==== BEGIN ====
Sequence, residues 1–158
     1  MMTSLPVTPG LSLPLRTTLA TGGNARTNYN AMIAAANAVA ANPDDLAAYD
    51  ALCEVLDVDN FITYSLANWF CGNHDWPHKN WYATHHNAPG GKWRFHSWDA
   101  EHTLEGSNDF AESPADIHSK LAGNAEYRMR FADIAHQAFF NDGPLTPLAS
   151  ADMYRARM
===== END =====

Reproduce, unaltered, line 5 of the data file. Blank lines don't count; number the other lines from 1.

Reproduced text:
   151  ADMYRARM